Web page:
• A joint venture of Alexkor has appointed a company related to Gupta partner Kuben Moodley to sell its diamonds.
  • The company eventually sold R2 billion worth of diamonds – unlicensed.
  • The State Capture Inquiry Commission has issued a long list of recommendations to prosecute the wrongdoers of the state diamond company.

A decade after state-owned diamond company Alexkor became a site of Gupta influence and corruption, the Judicial Commission of Inquiry into State Capture has issued a long list of recommendations to prosecute the perpetrators.

In its report, released on Friday, the commission details how former public enterprises minister Malusi Gigaba appointed a new board of Alexkor – with links to the Gupta family – in 2012. The chairman of the board was Rafique Bagus , who was in close contact with Gupta family associates for years and attended the infamous Gupta wedding in 2013.

During the tenure of the board, Alexkor’s joint venture with the community of Richtersveld appointed a company called Scarlet Sky Investments 60 (SSI) to market and sell all of their diamonds. Gupta partner Kuben Moodley owned the majority of SSI. (Moodley was arrested last year in connection with the alleged money laundering of the proceeds of contracts improperly awarded by Transnet to the Gupta-link and Trillian regiments, as well as the alleged theft of funds from a Transnet pension.)

READ | Gupta ghosts still haunt ‘destroyed’ Alexkor mine

SSI was awarded the contract without having a license to sell diamonds or any background in the diamond industry. The tender committee ignored this. The state capture report revealed that the bid should have been disqualified from the start.

Instead, SSI continued to source R2 billion worth of diamonds from the joint venture, which likely constituted a criminal offense due to its lack of a license, according to the report. In addition, the commission heard evidence that SSI was underpaying the Alexkor joint venture for diamonds and that its selling prices for diamonds were significantly below average market prices.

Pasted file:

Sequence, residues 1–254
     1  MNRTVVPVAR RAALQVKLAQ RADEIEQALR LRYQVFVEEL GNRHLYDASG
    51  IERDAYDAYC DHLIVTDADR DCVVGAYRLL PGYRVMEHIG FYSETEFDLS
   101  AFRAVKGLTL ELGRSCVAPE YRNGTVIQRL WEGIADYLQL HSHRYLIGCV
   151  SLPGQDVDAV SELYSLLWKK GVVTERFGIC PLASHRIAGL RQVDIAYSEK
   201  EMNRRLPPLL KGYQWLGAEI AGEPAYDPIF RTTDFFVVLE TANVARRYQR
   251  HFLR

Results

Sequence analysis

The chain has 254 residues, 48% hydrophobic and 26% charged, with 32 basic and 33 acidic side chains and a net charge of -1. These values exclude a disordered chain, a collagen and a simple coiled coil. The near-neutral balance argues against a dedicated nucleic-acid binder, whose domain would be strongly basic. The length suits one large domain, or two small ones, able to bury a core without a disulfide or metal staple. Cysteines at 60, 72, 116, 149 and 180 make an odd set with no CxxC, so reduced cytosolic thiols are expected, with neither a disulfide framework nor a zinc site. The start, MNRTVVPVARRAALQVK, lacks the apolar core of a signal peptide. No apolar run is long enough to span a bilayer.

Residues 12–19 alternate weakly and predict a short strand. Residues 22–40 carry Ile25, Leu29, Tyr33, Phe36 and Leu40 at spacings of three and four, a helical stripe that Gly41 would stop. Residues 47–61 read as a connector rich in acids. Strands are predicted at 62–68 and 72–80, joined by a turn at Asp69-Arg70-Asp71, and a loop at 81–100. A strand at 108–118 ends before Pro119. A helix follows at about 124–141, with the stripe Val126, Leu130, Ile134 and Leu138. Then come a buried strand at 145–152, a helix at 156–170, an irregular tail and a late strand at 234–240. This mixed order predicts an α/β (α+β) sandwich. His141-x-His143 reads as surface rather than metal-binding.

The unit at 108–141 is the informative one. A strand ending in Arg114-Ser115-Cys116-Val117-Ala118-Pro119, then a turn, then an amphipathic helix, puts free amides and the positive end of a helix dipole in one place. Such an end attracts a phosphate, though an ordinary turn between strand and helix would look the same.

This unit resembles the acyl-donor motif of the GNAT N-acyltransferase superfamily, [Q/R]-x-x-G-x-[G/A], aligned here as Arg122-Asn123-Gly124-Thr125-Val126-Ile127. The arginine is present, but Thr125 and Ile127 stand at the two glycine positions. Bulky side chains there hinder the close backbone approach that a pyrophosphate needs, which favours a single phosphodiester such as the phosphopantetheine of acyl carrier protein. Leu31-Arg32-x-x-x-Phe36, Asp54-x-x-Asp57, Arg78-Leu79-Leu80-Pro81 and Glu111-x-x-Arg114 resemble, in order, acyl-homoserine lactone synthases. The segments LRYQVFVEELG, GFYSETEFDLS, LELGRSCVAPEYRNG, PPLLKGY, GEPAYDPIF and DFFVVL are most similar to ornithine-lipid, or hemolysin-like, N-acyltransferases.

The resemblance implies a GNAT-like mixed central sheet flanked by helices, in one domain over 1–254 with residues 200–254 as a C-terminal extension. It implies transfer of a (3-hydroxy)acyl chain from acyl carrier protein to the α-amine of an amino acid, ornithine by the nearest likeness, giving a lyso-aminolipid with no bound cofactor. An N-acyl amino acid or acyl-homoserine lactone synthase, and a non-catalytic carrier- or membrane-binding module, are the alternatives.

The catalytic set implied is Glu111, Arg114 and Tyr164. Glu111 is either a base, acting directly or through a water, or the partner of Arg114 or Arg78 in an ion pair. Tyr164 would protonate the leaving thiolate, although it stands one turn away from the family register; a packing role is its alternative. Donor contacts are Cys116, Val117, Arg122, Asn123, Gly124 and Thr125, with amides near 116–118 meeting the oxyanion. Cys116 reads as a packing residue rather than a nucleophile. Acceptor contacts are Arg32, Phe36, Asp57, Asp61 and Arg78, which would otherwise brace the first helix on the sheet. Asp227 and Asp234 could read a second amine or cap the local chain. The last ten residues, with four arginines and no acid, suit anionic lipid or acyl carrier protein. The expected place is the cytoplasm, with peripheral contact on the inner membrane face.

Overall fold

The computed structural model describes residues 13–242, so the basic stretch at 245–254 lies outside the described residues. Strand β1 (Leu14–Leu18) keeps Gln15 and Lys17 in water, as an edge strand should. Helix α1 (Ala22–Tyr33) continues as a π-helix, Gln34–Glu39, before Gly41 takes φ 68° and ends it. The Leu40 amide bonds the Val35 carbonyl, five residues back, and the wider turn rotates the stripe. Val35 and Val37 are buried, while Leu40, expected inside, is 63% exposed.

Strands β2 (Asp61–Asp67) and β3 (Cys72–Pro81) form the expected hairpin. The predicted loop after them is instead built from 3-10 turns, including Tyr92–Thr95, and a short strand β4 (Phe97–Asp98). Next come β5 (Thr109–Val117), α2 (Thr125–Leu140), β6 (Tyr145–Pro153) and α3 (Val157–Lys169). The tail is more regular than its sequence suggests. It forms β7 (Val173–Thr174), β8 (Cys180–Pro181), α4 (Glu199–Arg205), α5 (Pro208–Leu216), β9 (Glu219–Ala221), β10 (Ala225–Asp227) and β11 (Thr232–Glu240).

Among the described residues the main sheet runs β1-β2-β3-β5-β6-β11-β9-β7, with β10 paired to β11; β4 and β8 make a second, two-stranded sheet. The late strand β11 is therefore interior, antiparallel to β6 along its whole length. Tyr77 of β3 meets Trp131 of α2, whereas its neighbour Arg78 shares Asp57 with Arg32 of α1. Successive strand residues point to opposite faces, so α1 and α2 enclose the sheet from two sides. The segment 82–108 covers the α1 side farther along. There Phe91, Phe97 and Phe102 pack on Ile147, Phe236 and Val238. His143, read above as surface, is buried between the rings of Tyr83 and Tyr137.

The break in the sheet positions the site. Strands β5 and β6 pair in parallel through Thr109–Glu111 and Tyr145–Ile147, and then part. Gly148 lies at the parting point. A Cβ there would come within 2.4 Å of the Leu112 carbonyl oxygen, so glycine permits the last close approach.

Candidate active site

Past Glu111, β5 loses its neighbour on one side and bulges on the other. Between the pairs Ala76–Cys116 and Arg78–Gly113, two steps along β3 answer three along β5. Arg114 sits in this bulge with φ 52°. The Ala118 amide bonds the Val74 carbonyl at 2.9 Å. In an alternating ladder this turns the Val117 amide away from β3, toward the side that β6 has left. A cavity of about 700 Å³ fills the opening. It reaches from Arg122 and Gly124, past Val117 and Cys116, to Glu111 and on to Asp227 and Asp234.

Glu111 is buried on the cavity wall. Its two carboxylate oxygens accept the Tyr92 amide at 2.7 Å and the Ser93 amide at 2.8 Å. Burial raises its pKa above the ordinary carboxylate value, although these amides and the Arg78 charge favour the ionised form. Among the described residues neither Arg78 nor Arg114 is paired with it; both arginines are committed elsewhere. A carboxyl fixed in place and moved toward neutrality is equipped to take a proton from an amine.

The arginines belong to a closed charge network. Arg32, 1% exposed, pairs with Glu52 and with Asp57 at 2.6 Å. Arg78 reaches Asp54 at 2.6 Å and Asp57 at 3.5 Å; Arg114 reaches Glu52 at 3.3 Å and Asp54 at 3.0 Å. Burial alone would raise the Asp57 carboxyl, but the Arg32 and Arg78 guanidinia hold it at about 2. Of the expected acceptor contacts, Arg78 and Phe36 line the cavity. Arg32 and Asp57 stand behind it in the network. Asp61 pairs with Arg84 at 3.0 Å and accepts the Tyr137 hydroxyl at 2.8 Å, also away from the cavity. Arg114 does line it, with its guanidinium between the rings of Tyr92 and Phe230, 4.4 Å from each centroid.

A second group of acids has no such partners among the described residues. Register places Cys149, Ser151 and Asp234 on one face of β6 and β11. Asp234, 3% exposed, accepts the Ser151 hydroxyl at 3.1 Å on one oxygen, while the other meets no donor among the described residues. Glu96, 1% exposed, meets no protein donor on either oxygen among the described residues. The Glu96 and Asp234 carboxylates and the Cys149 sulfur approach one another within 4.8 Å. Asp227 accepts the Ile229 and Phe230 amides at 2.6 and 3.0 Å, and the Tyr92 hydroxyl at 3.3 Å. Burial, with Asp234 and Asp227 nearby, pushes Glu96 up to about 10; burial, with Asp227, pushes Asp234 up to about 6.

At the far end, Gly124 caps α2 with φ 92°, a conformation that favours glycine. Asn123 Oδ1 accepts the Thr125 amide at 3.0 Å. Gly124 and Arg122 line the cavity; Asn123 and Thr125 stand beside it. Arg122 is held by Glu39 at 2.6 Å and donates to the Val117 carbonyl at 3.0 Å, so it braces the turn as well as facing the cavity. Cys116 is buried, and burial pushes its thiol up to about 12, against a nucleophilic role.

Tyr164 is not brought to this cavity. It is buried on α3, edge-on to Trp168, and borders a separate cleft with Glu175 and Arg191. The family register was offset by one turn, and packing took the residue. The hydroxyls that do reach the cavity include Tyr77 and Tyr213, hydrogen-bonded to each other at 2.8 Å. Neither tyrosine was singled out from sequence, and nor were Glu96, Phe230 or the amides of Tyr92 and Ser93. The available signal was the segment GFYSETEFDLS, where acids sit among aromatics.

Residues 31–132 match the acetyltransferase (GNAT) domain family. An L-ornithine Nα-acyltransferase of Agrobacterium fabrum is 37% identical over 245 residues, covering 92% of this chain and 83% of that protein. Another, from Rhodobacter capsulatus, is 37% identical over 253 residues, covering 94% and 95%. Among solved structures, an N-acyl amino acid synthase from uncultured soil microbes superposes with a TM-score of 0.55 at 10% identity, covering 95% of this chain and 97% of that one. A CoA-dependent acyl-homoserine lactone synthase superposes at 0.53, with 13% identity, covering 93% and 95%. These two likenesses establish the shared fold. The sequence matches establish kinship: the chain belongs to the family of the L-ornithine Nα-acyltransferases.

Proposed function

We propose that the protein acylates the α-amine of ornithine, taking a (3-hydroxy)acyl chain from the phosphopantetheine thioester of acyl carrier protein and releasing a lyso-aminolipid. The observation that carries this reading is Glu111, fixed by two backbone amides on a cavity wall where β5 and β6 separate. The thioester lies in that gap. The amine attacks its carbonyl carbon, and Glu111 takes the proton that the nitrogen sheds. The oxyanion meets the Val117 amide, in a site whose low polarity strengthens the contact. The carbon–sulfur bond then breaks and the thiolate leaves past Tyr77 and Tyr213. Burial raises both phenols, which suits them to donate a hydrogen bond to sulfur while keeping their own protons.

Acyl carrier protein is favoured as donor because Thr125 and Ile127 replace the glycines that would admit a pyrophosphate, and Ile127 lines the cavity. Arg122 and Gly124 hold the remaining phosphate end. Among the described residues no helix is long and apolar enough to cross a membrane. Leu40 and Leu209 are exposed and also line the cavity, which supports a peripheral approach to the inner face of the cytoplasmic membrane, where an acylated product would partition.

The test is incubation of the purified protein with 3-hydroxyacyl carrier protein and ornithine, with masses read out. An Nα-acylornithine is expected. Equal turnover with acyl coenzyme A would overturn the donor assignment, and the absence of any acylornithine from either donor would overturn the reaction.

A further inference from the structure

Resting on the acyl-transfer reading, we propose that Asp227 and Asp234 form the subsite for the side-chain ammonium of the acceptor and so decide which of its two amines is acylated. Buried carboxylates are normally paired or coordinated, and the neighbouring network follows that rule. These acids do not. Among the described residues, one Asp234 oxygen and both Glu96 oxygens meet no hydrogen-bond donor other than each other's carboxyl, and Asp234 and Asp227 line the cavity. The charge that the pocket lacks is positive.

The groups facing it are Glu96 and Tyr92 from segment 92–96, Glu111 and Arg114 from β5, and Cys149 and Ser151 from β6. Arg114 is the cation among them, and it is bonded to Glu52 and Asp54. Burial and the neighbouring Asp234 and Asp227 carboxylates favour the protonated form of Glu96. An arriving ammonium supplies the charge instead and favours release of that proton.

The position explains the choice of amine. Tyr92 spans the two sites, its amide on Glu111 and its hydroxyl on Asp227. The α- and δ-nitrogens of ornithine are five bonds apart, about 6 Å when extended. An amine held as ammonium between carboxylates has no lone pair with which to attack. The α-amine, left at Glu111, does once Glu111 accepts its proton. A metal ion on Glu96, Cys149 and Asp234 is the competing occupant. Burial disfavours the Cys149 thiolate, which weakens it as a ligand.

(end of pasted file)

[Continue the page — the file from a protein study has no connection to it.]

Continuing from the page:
The commission’s recommendations include that law enforcement should investigate whether the members of the tender committee – Bagus, Duncan Korabie and Roger Paul – perpetrated fraud by misrepresenting SSI’s compliance with the requirements of The call for tenders.

Bagus Paul and Korabie are also to be investigated — and possibly declared delinquent directors — to confirm whether they breached their fiduciary duties.

In addition, the commission wants authorities to investigate whether Bagus, Paul and Korabie acted in defiance of the court – after the Western Cape High Court found in 2014 that they had been unlawfully appointed directors of the partner company of Alexkor in the joint venture.

The commission also wants law enforcement to investigate and possibly prosecute all directors of SSI, as well as its co-owner Daniel Nathan, for “deliberately providing false information” to the South African Diamond and Precious Metals Regulator (SADPMR). Other companies associated with Nathan are also expected to be investigated for breaking the diamond law.

In addition, the commission wants law enforcement to investigate and possibly prosecute Mervyn Carstens, CEO of joint venture Alexkor, and Zarina Kellerman, chief legal officer of Alexkor, for fraud – after they presented to the board that a Appropriate due diligence was carried out prior to contract award to SSI. Carstens and Kellerman were in contact with Gupta associates, the commission heard.

Other recommendations include that SSI directors be investigated over an allegation that more than R5.1 million worth of diamonds went unaccounted for and that the Alexkor joint venture was underpaid by R1.718 million for diamonds.

The commission also wants SADPMR to investigate whether all buyers to whom SSI sold rough diamonds were in possession of the required licenses. Alexkor’s board of directors must investigate all fees paid to Gupta-associated company regiments.

The report also covers Alexkor’s diversification into coal, and the commission found that the whole venture “was a Gupta corporate strategy to position itself to control Alexkor’s coal business, which consisted of IPC, WesCoal and Nungu Mining”.

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